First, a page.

Apple, ad blockers and the decline of the mobile Web
Americans who are plugged into the Web—the target market for Web advertisers—spend an awful lot of time staring at their smartphones and tablets. Nearly three hours a day, according to eMarketer, more than they spend looking at computer screens. Yet of the $50 billion worth of Web advertising purchased last year, only $13 billion was spent on mobile ads.
Mary Meeker in her latest Internet Trends report described that discrepancy as a “$25 billion opportunity.” (see below) She sees a land rush coming, and if she’s right, the last relatively uncluttered real estate on the Internet—the smartphone screen—is about to get plastered with billboards, pop-ups, and pre-rolls.
Which is why the content-blocking features Apple has added to the next version of iOS are such a big deal. They could do real damage not just to Google—its chief rival—but to the commercial underpinnings of the Web.
Apple isn’t blocking ads itself. But they’ve done the next best (or worst) thing: They’ve given developers easy-to-use tools to build better, faster and more efficient ad blockers.
“I suspect there are going to hundreds if not thousands of ad blockers in the App Store from day one,” says Marco Arment, developer of Instapaper and Overcast. “It’s going to be a massive rush, because they’re just so easy to make.”
Asymco‘s Horace Dediu, who chooses his words carefully, calls ad blocking in iOS 9 “an atomic bomb.”
“This is a cataclysmic potential event that’s going to affect the whole ad industry.”
Advertisements, in case you haven’t noticed, are what make the World Wide Web go round. Online ads fund everything from Facebook to Fortune.com. Google gets 90% of its revenue from online ads, and the better part of its mobile ad revenue comes directly from iOS.
Ad blockers are to the Web what spam filters were to e-mail, only now the stakes are higher.
Historically, ad blocking has been the province of nerds. Most people didn’t know ad blocking extensions existed and wouldn’t know how to install one.
But for a number of reasons—among them the proliferation of pre-roll videos on YouTube—their use has been growing rapidly. The next PageFair/Adobe report on the state of ad blocking will show desktop ad blocking up 50% from last year and mobile ad blocking absolutely exploding.
Two ad blockers, lUC Browser and Maxthon browser, claim over 600 million users between them, mostly in India and China. “This isn’t a huge concern to western advertisers, “says PageFair’s Sean Blanchfield, “but it dwarfs desktop ad blocking, and it shows how big ad blocking browsers can get.”
Eyeo’s Adblock Plus, the desktop market leader with 400 million downloads and 50-60 million monthly active users, has been trying for years to break into the mobile market. It released an Android version of Adblock Plus in 2013, but Google kicked it out of the Play store. Eyeo had an Adblock Plus browser for iOS 8 set for late summer release, but the new application programming interfaces in iOS 9 have thrown its developers for a bit of a loop.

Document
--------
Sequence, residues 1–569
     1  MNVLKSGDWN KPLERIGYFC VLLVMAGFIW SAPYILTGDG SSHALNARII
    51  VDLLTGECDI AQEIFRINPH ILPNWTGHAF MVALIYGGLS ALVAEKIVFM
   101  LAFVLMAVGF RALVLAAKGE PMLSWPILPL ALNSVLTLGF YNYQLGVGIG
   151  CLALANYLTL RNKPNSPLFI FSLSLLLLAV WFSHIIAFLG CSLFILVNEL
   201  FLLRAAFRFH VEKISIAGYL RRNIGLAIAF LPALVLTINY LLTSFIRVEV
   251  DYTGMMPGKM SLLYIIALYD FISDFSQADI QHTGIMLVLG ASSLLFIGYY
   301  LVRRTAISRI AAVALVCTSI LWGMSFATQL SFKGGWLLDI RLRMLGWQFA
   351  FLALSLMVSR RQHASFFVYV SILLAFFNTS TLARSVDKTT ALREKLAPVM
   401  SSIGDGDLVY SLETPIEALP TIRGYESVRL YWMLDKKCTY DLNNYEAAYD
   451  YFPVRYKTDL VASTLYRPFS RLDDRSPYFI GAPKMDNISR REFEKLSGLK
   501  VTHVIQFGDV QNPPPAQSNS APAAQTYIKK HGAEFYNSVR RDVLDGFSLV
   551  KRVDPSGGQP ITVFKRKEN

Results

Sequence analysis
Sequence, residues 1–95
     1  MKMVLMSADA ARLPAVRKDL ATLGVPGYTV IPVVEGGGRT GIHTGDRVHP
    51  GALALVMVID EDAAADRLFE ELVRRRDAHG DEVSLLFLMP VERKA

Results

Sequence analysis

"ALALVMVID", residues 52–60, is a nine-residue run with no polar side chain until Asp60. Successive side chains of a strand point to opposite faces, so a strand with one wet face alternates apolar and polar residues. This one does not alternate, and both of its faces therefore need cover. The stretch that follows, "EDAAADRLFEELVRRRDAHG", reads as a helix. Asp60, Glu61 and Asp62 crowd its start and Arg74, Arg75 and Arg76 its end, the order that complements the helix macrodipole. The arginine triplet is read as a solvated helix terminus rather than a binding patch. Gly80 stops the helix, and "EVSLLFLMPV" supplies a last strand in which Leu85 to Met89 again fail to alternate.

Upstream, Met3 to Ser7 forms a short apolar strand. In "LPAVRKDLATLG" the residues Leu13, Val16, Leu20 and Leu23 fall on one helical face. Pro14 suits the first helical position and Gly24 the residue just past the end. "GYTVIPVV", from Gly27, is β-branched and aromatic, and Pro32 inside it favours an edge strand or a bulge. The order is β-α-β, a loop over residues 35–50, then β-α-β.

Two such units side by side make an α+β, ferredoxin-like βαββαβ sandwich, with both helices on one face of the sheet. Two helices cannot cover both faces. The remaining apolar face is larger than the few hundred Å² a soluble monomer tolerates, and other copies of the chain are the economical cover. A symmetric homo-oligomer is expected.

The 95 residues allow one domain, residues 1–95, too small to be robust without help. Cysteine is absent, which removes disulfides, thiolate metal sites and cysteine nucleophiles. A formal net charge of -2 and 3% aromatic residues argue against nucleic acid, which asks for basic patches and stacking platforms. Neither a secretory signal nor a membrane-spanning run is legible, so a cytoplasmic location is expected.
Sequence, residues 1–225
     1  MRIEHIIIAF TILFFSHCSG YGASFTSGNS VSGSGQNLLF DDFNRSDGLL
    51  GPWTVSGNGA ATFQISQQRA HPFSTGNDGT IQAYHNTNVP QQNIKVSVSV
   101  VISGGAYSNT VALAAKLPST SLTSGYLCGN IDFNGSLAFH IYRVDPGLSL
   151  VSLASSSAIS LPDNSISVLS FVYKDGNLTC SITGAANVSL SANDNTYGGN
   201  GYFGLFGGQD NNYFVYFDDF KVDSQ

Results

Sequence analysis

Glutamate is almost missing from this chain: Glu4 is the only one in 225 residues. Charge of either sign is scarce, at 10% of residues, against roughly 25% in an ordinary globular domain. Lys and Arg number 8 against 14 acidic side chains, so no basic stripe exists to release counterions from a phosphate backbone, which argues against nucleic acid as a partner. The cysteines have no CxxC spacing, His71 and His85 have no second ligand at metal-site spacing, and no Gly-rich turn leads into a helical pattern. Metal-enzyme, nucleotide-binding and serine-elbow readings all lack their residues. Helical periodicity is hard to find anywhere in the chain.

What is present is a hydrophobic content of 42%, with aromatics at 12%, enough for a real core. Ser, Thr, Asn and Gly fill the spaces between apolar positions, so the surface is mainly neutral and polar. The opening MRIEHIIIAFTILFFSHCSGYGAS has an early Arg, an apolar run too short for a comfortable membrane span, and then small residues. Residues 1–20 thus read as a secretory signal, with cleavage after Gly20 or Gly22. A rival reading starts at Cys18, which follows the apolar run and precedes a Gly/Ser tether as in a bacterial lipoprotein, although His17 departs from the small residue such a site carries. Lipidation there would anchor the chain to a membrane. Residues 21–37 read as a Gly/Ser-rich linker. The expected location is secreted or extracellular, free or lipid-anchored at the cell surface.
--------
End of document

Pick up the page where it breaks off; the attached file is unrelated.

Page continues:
“iOS is a completely new place for us,” says Eyeo’s Ben Williams. He points out that Apple’s new APIs block ads not just from the browser, but form the OS itself, making it hard to do what Williams calls “sustainable” ad blocking.
“We know that ads fuel the Internet,” he says. “We’re trying to be the responsible ad blocker.” Adblock Plus (not to be confused with all the other Adblock) lets through what it deems acceptably non-intrusive ads as well as ads from big advertisers like Google and Microsoft that have paid to have their feeds “whitelisted.”
Williams raises a touchy subject for anybody who makes a living producing content for the Web.
Frederick Filloux, who calls what Eyeo does “blackmail,” sees the exponential growth of ad blockers in apocalyptic terms. “For publishers,” he wrote in a recent Monday Note, “ad blockers are the elephant in the room.”
“Everybody sees them, no one talks about it. The common understanding is that the first to speak up will be dead as it will acknowledge that the volume of ads actually delivered can in fact be 30% to 50% smaller than claimed—and invoiced. Publishers fear retaliation from media buying agencies—even though the ad community is quick to forget that it dug its own grave by flooding the web with intolerable amounts of promotional formats.”
As someone whose bread is buttered by online advertising, I have profoundly mixed feelings about the current state of the commercial Web.
As someone who follows Apple, I’m fascinated by the chess game Tim Cook is playing with Google. In public he has been playing the “Google sells you” card with variations on the old Internet saw: “If you’re not paying for the product, you are the product.”
Behind the scenes, he’s allowed his engineers to build into the core of iOS tools that would cut off a significant portion of Google’s air supply.
So far it’s just rhetoric and APIs. Cheap rhetoric at that, or what Stratechery’s Ben Thompson would call a strategy credit: “an uncomplicated decision that makes a company look good relative to other companies who face much more significant trade-offs.” Apple sells ads (through iAd) as a hobby; it doesn’t need the money.
But hidden in those APIs is a nuclear option that could do real damage, and not just to Google.
If Apple ever decides to turn on ad blocking by default—as has for junk mail filtering in OS X—look out!